Gold prices are expected to weaken in the coming week. This belief is mainly driven by investors concerns about what action the U.S. Federal Reserve will take with its quantitative easing program.
Last Friday, gold futures closed lower, suffering a loss of almost 6% for the week. Gold for December delivery fell $22, or 1.7%, to settle at $1,308.60 an ounce on the Comex division of the New York Mercantile Exchange.
Next week at the two-day Federal Open Market Committee meeting which will conclude on Wednesday, the US Federal Reserve is expected to reduce by $10 billion to $20 billion its current monthly buying of $85 billion treasury and mortgage-backed securities.
Still, from a contrarian point of view, gold could see a knee-jerk reaction and jump higher as the sell-off going into the meeting has been swift. Many market participants have been selling gold during the past few months, well ahead of the meeting. In addition, according to latest data, the economic recovery in the U.S. is not as strong as expected.
Elsewhere, negotiations on ridding Syria of its chemical weapons are not yet a done deal. Political risk, mainly concentrated in the Middle East and North Africa, still remains on the cards.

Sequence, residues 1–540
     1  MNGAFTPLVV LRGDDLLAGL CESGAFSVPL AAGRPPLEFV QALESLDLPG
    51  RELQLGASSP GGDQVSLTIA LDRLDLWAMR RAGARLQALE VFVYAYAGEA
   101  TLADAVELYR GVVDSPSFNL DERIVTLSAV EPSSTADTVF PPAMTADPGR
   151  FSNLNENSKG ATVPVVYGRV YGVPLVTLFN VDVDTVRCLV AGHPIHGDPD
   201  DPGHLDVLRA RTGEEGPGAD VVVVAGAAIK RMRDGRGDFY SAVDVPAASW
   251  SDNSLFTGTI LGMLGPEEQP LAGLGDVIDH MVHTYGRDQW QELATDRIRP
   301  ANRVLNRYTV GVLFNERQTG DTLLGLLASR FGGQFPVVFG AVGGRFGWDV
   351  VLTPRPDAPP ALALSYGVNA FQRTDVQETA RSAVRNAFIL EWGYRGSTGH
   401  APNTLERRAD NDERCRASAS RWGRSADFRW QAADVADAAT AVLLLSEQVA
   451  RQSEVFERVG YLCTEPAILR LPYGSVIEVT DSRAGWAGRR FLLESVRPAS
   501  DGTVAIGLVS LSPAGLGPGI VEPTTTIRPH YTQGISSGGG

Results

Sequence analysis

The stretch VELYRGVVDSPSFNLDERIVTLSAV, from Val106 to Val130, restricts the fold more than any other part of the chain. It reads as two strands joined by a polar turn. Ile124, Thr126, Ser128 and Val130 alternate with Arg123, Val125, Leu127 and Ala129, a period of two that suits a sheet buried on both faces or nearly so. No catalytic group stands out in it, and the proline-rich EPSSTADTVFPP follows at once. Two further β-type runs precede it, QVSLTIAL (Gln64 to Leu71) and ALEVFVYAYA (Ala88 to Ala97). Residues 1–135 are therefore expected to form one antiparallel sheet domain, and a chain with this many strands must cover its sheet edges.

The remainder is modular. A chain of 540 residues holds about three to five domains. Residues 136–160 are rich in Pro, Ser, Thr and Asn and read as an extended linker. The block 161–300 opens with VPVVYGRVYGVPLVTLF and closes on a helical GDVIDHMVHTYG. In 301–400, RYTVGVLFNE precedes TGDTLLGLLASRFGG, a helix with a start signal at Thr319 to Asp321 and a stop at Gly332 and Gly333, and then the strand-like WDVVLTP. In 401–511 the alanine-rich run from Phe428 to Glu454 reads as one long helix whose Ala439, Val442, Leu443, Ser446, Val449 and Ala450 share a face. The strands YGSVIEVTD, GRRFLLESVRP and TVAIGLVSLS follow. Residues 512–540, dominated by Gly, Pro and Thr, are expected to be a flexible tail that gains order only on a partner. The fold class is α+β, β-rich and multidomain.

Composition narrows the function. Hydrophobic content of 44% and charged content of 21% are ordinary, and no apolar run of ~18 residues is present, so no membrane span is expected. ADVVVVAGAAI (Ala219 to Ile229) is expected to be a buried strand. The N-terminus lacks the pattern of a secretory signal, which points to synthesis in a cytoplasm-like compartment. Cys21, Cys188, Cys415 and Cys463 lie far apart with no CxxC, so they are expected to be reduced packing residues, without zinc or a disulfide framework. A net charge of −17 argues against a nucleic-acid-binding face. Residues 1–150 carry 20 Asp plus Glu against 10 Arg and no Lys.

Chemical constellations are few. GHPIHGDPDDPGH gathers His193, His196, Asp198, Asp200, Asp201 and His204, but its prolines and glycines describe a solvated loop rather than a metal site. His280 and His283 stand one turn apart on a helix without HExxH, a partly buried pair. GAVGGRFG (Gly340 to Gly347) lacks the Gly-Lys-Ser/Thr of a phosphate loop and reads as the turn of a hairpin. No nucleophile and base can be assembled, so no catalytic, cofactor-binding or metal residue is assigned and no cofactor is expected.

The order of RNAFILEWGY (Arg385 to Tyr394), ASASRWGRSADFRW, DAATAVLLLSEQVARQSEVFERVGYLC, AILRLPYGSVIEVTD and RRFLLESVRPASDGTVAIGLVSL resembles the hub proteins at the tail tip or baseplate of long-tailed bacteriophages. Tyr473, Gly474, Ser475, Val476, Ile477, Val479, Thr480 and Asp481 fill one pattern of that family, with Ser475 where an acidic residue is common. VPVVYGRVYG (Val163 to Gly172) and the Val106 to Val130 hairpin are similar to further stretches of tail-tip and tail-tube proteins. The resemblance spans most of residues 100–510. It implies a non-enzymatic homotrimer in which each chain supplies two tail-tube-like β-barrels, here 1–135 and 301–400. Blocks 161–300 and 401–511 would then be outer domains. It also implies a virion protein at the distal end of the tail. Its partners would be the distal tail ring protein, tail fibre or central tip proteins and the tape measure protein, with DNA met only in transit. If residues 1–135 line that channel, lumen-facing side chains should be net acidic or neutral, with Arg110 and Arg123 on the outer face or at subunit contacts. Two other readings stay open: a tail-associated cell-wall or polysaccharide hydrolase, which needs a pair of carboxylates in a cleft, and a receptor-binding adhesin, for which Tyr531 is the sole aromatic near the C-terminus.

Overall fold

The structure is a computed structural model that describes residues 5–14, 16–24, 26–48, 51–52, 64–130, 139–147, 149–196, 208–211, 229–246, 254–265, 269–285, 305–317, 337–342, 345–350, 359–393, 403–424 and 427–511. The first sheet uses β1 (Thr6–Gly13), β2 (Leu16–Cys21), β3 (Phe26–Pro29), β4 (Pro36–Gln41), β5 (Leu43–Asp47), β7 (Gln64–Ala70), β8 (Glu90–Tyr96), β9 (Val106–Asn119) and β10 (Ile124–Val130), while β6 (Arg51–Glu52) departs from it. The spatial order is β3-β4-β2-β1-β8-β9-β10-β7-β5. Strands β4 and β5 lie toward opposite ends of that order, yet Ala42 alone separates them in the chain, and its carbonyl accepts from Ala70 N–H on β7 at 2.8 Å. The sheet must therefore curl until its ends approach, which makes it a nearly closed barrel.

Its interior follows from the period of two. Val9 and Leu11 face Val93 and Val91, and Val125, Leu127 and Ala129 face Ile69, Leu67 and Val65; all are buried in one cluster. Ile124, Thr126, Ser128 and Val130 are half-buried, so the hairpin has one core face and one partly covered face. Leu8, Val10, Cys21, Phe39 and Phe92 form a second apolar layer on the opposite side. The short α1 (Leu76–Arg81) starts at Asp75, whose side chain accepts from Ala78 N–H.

In a research note released last Thursday, HSBC said it is raising its 2013 average gold price estimate to $1,446 an ounce, up $50 from its previous forecast, based on the surge in physical buying. It left its 2014 and 2015 forecasts unchanged at $1,435 and $1,395, respectively, and its long-term forecast unchanged at $1,500.
A massive increase in physical demand for jewelry, coins, and bars from China, prevented further decline in gold prices caused by investors selling their holdings of exchange-traded funds and net-long positions on the Comex, based on the reduced demand for safe havens and expectations of U.S. monetary policy shift. In addition, central banks remain gold buyers in the coming months, although they may buy less.